Dr. Somshuvra Mukhopadhyay, assistant professor of pharmacology and toxicology, is one of five exceptional early career scientists selected to receive grants from the National Institute of Environmental Health Sciences (NIEHS). The awards are part of the Outstanding New Environmental Scientists (ONES) program.
Mukhopadhyay’s five-year award of $2.7 million (2016-2020) will advance his studies into the process through which cells remove the toxin manganese that can cause a syndrome similar to Parkinson’s disease. The work is an extension of a study that he published last year. (Read more about the Parkinson’s research study.)
“A ONES award gives promising environmental health scientists the opportunity to pursue innovative ideas early in their careers,” said Linda Birnbaum, director of NIEHS. “This is one of the best tools we have to retain their talent for research.”
“Dr. Mukhopadhyay is an outstanding young scientist, and we are extremely excited about him receiving the ONES award,” said Dr. M. Lynn Crismon, dean of the College of Pharmacy. “He has already performed cutting edge research examining manganese utilization and the production of a Parkinson-like syndrome. This early innovator’s development award will be a springboard that, undoubtedly, will advance his career.”
The 2016 ONES awardees will study substances in our environment, such as arsenic, dioxins, and DDT; how these chemicals cause harm, including heart problems, insulin resistance, and allergies; and how they are removed from the body through protective mechanisms.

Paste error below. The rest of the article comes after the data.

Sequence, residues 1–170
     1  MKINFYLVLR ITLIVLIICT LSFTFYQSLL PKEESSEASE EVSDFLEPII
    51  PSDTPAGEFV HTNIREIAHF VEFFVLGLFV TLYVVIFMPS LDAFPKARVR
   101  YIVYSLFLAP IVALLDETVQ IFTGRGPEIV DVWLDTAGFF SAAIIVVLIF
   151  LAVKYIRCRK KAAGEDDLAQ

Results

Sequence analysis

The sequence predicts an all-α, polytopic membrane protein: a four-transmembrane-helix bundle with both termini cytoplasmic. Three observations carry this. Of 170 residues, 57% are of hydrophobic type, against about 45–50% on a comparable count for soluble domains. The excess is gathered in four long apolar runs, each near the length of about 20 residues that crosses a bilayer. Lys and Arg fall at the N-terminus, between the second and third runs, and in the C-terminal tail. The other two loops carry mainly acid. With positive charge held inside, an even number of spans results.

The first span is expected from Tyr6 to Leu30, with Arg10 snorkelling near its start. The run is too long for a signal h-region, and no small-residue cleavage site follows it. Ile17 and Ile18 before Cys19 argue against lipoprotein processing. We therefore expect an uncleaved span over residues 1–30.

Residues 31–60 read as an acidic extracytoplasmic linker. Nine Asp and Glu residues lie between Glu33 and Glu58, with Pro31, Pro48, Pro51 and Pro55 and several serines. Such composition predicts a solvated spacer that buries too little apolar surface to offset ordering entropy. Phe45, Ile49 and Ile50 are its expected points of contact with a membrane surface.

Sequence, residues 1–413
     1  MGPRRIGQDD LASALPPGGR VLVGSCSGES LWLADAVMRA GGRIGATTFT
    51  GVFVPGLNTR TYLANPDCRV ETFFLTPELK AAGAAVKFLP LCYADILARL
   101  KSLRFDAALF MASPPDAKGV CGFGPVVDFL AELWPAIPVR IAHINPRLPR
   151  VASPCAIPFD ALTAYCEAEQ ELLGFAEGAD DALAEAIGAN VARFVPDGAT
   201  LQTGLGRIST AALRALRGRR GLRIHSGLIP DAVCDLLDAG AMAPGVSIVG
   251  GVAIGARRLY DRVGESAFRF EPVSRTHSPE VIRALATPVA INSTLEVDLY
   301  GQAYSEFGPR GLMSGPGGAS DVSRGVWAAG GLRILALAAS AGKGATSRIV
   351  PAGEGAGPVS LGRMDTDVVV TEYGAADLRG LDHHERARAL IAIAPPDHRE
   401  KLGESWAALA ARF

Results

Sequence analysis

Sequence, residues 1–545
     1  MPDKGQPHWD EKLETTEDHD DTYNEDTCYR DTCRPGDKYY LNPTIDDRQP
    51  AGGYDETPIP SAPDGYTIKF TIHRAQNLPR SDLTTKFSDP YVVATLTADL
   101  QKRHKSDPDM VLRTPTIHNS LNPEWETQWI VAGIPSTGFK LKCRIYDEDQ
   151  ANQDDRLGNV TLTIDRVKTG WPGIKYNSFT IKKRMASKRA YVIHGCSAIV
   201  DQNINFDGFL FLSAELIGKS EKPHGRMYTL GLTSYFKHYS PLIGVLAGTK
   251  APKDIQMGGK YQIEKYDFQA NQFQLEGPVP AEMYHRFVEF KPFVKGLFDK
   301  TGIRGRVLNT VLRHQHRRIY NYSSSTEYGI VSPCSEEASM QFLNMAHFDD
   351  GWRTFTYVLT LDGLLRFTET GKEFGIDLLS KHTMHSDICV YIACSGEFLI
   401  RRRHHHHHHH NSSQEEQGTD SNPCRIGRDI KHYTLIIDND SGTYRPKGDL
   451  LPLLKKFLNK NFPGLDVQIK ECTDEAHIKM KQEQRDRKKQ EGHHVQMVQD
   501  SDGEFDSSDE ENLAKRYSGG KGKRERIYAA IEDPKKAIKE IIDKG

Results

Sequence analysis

In addition to the ONES award, Mukhopadhyay’s research received a “Pathway to Independene K99/ROO” grant from NIEHS (2011-2016).
“Support from the NIEHS through these two awards was instrumental in allowing me to transition to independence from a postdoctoral position,” said Mukhopadhyay. “The funding allowed me to focus on studying gene-environment interactions in parkinsonism.”
Mukhopadhyay is the only UT Austin faculty members among the announced awardees. Others include researchers at the University of Alabama at Birmingham, the University of California (Davis), Harvard Medical School, and Michigan State University.